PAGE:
and will use it for all future material. For which, of course I will monitor the amount of traffic, probably using scopus.
I am also now more comfortable with how I can use other peoples images and not be stealing and have an ORCID ID set up to help credit my own work. The pots of funding available in ORCID research* are a bit of a rabbit warren but I at least know to look! This may be valuable in ANY work environment in an era of collaborative working and multiple funding sources.
A good few things all told!
One of the problems I encounter when it comes to information sharing is commercial sensitivity – I work in an industrial environment. They are always looking for good press but do not want the minutiae of their experimental work getting out and I am far better at these than promotions. This limits the utility of a lot of sharing tools for the present, though I can foresee a few times when some of them will come in handy. For example, screencasts and vlogs I have no current need for. However, a screencast would be the ideal way to share some of my difficulties with certain analysis programs remotely with experts and I now feel I could do this.
When I present, I am most comfortable talking, so I try to keep text content on my slides minimal – I sometimes think I’d be happy with slides and a projector. I have looked at Prezi – I have never seen a tool which comes this close to the power of a true mind map. I will be making use of it in the future for anything involving a multi angled strategy plan.
Mostly when I do research on theinternet, I am pouring over scopus, google scholar and the rest. Everything I come up with is highly specialised and about as dry as an AA meeting in the sahara. But there are a couple of things I do look at which are much more engaging:
Wikipedia is, in my view, a very valuable tool for research. It is not an end in itself but an invaluable springboard. Reading an article can help you to identify buzzwords, key texts to look at and other sources of information (such as online material property databases). The only danger is a game I play with myself where I try to get onto lighter or more esoteric pages in a wikiwalk.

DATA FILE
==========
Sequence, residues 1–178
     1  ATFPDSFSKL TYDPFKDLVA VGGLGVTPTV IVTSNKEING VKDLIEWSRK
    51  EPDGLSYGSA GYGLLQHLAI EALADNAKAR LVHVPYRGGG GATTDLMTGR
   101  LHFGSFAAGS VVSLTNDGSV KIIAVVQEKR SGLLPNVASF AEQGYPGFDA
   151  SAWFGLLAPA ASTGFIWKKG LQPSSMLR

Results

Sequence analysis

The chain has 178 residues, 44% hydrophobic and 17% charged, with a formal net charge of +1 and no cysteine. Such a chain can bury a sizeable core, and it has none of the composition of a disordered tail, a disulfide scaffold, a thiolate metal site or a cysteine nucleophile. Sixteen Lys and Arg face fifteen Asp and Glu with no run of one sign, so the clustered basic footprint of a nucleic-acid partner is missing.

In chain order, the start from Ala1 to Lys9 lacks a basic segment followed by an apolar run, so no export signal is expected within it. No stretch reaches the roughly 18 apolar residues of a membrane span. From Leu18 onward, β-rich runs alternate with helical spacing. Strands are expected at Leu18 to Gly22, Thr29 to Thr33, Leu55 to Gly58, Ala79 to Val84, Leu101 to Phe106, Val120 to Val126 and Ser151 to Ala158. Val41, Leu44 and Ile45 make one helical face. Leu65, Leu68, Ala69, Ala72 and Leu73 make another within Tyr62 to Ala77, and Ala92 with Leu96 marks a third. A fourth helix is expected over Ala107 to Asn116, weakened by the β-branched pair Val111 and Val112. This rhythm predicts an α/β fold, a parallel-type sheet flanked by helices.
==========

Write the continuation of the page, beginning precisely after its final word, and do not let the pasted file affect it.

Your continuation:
Coursera is something I have come to on my own. A big hole in my scientific understanding has always been computer programming. I have learned just enough html to understand formatting and syntax, and just enough FEM to understand what people are talking about. But I do not currently program in any language well enough to produce code which allows for creative analysis of data. I am adept at producing analysis routines in some image analysis software, but here the toolbox of commands is clearly and simply laid out. So I have been learning python, which I understand is a good introductory language, simple to learn but powerful. My progress has been slow due to time constraints, but meaningful.
One thing I would still like to find is a ‘this week in science we found cool’ podcast. A good one I have checked out a few entries of is http://www.materialstoday.com/podcasts/ – with entries like ‘making sense of 3D printing’ catching my imagination.
I think for me Facebook will always be a strictly personal thing, never professional. It is a useful tool, fun, a great way to bring people together. But it is where I go when I am not in work mode, so that is the way it will stay for now. The nearest I would ever come is exchange of research ideas with someone who is already a friend, rather than a colleague. Twitter, I am less fussed about personally. But I still find it fundamentally limited for idea exchange. Where I think I can get the most out of twitter is as a reminder service for things which are happening – it was very useful when I was at ICACC to keep track of events going on I wanted to participate in.
Image sharing, I am also sceptical of. A lot of my work has been commercially focused – sharing images is not something I can do on a whim, because the more interesting an image is, the less likely it is that it is totally academic in interest. This is a pity, since pictures can be eye grabbing in a way otherwise seemingly near-identical social media profiles are not.
The thing that most interested me in the ‘things’ this blog post covers are storify and the like. In the future, I may be organising events which are about communication, sales or awareness. The facilities offered by these sites could be a massive aid as a promotional tool for events of this type. The format seems to give a nice degree of balance between images and context, presenting a cohesive, engaging whole. It is in my bookmarks and toolbox for the future.